Focusing on white shapes while drawing letters can be a bit difficult to grasp at first. For some students it is already a natural way to draw, but for others it requires some training. Fortunately, there’s a well-established way to help learn about negative space: contour-drawing exercises.
In contour drawing, you use a continuous line to describe an object’s silhouette. This encourages you to focus on its form and volume instead of the details. The contour represents an edge where two shapes meet, the shape of the object and the shape of the space around it.
With practice, you can draw while maintaining a simultaneous awareness of the subject and the background. This awareness means the difference between a drawing that just sits on the surface of the page and one that grabs the page, digs into it and uses the whole thing. In other words, it means good composition.
Typographic letters are also drawn with contours. Instead of shape and nonshape, we think in terms of black shapes and white shapes. With practice, you can draw letters while maintaining a simultaneous awareness of both kinds of shapes—and design strong letters that form unified words.
Focusing on white shapes also provides students with a method for looking at their letterform drawings more critically. For example, the N is made of two white triangles. Conventionally, the bottom triangle of the N is slightly larger than the top triangle. If you want the N you are drawing to look well balanced, you must follow that convention.
How do my students figure this out? I teach them to look at the white shapes in Ns from existing typefaces and to study the relationship between them. Turning the letter upside down often helps. It doesn’t even matter if the typefaces look very much like the one they are drawing. In fact, this is a good way to take advantage of the thousands of fonts we can access. You can learn the most by comparing the shape relationships across different designs. When you find a consistent pattern, like the size relationship between the triangles in the N, you have something you can use. Not copy, per se, but use.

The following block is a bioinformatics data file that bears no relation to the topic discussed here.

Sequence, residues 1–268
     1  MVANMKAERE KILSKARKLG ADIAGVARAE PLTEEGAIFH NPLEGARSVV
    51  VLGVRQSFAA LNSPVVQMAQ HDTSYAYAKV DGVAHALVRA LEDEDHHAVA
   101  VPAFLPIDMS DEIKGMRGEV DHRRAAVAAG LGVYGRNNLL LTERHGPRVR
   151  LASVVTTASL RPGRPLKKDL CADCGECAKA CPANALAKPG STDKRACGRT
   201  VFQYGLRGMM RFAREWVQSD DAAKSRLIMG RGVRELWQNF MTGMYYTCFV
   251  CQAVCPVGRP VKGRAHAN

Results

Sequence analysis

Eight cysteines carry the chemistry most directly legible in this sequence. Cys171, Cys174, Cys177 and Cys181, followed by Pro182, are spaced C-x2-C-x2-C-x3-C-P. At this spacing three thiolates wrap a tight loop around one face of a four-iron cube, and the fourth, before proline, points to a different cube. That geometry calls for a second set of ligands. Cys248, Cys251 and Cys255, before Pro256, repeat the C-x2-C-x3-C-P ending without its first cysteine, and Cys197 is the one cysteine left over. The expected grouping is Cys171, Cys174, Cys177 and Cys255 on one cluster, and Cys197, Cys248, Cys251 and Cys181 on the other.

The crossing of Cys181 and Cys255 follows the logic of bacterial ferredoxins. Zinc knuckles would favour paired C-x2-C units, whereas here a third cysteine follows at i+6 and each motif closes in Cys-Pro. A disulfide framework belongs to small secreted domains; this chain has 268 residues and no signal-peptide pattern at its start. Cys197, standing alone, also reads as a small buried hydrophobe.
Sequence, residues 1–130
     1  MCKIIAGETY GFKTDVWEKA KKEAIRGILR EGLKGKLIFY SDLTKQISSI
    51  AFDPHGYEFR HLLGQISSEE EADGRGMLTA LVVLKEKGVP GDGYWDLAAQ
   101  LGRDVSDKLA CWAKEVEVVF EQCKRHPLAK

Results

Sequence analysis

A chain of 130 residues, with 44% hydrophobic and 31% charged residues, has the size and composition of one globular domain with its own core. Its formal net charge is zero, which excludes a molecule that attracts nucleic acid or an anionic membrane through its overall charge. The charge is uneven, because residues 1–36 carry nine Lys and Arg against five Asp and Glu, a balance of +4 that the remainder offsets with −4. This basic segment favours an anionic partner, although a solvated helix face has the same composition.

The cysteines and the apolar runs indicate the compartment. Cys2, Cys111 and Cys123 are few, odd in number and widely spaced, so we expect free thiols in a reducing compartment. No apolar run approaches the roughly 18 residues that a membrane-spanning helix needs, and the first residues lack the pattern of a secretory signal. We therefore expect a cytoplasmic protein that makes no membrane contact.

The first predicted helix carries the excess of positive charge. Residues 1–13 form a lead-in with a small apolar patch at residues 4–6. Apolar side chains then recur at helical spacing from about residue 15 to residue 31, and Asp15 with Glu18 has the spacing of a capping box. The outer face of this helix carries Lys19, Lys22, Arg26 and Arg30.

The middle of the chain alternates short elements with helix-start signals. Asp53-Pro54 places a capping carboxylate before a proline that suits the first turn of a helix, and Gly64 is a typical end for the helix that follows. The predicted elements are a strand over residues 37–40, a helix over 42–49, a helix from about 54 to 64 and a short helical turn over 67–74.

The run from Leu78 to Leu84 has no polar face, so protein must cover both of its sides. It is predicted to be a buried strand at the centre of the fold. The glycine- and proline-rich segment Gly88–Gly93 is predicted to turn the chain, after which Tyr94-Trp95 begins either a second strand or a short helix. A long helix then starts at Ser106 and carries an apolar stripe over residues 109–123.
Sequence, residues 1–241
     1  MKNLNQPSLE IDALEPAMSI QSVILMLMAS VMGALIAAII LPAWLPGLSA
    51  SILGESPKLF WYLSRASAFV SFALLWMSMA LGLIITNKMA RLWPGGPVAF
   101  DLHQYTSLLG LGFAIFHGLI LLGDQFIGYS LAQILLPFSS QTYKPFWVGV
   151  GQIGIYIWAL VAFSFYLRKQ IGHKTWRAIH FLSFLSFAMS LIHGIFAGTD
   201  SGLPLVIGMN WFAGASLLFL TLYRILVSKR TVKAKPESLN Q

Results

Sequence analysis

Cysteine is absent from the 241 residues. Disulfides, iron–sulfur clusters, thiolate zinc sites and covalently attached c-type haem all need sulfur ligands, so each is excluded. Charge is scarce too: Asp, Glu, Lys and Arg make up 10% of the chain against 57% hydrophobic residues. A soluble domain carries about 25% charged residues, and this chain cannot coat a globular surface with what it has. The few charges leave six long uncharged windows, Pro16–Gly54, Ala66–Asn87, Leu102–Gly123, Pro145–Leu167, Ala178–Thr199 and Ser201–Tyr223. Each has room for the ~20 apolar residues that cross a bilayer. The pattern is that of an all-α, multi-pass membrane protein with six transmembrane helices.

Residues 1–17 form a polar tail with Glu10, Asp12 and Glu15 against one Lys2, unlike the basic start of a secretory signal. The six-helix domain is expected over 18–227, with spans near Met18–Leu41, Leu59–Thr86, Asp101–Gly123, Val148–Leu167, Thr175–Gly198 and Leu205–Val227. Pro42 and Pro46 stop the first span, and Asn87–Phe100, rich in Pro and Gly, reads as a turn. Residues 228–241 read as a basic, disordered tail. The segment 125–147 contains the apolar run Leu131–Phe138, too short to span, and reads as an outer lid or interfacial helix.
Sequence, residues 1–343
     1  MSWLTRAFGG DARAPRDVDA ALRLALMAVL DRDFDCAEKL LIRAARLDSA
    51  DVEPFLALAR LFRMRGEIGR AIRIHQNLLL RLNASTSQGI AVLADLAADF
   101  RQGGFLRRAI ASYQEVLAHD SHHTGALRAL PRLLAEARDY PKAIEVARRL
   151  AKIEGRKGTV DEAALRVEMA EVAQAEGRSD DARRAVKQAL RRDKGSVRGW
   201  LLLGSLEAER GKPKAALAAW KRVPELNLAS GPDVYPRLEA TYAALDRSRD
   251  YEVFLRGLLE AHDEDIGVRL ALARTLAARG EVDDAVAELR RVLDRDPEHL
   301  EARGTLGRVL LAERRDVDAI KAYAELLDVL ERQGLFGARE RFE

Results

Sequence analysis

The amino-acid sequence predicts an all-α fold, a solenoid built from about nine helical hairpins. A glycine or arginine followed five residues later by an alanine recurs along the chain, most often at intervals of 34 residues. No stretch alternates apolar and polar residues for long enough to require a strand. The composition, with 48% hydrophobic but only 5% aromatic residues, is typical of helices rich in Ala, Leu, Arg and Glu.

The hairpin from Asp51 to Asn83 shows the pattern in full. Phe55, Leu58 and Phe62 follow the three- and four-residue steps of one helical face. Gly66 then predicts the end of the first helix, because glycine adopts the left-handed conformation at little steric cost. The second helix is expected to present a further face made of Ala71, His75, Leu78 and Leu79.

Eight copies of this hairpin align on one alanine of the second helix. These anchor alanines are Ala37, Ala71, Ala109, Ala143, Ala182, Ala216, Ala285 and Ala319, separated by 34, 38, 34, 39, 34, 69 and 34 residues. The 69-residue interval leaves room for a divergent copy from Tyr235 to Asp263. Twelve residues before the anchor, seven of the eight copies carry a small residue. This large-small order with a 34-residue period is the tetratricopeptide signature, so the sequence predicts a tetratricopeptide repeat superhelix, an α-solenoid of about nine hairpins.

Instead of memorizing 26 sets of rules for drawing each uppercase and 26 more for drawing the lowercase, you need to remember only one thing—focus on the white shapes. It’s a very visual way of learning, one that comes naturally to students. Even if memorizing rules were a good way to approach drawing, I doubt it would be effective in my classroom. My students and I aren’t at art school because we like learning long lists of rules.
I want very much for my students to learn what makes a correct and readable typeface. I also know that, after my class is over, the vast majority of them will never make a typeface again. My students are graphic designers, not type designers. Nevertheless, I believe that studying type design with a focus on white shapes is worthwhile. In addition to sharpening a designer’s ability to look critically at typefaces, the awareness of white shapes can be extended beyond letters and words, to the spaces between lines, columns, gutters, margins and pages. Graphic designers can use this approach to easily resolve their layouts, just as Edwards’s students do in their drawings.
The principle of negative space is well known in two-dimensional design, and it’s often acknowledged as important. However, compared with topics like color theory, grid systems and even programming, it remains relatively obscure, both in the classroom and in creative processes. Type design offers a concrete and natural way to grasp the importance of what is often relegated to the margins. ca